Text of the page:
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New immigration wave from Eastern Europe to hit British shores

Hungarian parliament decision feared to have impact on UK

  

 

01 June 2010: With nearly half a million Ukrainians and Serbians given the right to live, work and claim benefits in the UK, Britain has been warned to expect a new wave of immigration from Eastern Europe.

romanian_migrants2.pngThis follows the passing of a Controversial ruling by the Hungarian parliament. It says anyone capable of speaking the nation’s language or establish Hungarian ancestry can become a citizen and get a full EU passport.

An aftermath of this, they will be granted full employment rights in the UK and access to British benefits.

The development is significant as the global meltdown has left the economy shattered and Hungarians have been banned from working in most EU states except Britain until next year. The economic situation in the Ukraine and Serbia is even worse.

It is now being apprehended that tens of thousands of new citizens will be lured by the UK’s lucrative job market and generous welfare system.

Reacting to the developments, UKIP Euro MP Gerard Batten said it must be wrong that the Hungarian government can give almost half a million people the right to move to Britain.

Batten added the new government said it wanted to control immigration from outside the EU, but it cannot do that. Hungary has just given 450,000 people the right to come to Britain, use the social services and claim benefits if they want to, and there was nothing the government could do about it. Hungary, and any EU state, has more control of their immigration policy than they did. This just showed how powerless they were to control immigration inside the EU.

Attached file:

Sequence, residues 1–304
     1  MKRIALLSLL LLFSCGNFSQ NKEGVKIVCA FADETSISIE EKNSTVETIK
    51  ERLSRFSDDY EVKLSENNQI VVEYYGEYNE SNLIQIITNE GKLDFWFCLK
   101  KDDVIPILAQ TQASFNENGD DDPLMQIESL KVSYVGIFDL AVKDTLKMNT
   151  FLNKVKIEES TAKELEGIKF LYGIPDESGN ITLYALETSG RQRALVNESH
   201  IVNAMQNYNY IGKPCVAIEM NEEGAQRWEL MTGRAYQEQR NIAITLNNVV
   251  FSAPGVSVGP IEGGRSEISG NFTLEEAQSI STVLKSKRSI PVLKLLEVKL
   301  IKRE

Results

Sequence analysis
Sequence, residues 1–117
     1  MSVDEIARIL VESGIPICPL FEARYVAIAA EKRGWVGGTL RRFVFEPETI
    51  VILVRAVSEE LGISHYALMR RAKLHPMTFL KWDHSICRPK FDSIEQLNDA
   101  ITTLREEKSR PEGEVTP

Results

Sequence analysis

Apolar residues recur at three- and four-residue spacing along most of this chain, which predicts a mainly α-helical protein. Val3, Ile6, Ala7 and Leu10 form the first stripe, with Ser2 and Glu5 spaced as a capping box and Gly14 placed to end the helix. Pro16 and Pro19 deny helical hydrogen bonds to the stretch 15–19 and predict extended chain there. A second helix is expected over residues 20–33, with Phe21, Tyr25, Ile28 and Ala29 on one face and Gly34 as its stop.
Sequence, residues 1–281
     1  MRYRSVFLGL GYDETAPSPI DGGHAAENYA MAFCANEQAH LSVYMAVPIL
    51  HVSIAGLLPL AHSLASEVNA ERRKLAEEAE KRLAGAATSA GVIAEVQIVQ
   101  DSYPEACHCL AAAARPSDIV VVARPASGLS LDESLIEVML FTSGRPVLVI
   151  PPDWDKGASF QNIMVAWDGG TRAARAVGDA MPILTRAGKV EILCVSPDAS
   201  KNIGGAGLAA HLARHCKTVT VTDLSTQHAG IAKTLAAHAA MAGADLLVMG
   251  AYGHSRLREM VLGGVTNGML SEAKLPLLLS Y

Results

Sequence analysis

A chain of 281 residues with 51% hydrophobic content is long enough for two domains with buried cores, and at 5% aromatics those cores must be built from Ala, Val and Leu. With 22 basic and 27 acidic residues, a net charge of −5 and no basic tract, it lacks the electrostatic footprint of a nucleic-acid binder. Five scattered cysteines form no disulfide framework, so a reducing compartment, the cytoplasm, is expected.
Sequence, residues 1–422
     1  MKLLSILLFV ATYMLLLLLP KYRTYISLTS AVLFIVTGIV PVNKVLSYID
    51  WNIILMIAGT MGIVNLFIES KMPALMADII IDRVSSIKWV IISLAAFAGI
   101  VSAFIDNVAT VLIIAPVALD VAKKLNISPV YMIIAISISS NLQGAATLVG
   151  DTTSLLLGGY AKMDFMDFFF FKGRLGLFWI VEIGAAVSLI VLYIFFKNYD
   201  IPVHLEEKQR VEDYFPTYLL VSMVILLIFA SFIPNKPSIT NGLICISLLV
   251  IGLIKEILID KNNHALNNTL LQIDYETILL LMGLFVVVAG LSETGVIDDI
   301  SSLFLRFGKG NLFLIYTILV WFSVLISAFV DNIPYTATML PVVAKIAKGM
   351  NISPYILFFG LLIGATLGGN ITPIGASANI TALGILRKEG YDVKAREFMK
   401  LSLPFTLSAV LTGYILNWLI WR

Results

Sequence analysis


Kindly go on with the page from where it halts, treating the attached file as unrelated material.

Sir Andrew Green of MigrationWatchUK added currently each EU country has the right to decide who may be citizens.

But in the case of the A8 countries, this also gives them the right to work in Britain. This is another consequence of the previous government’s decision, almost alone in Europe, to open our borders to all EU citizens whatever their origin.

Matthew Elliott, of the TaxPayers’ Alliance added the possibility of yet more people travelling to the UK to escape the recession in their own countries was particularly worrying, and they simply could not afford it with their finances being in such a poor state.

The Home Office, on the other hand, claimed the new Hungarian citizenship law would not affect the UK. A Home Office spokesman said there was no evidence to suggest that decisions made by the Hungarian parliament would impact on the United Kingdom.

As of now, more than two million ethnic Hungarians live outside the state’s current borders. A substantial number of them live in neighbouring Romania and Slovakia.

More than 150,000 live in western Ukraine and approximately 300,000 live in north-east Serbia. They face strict immigration restrictions to Britain and other EU states.

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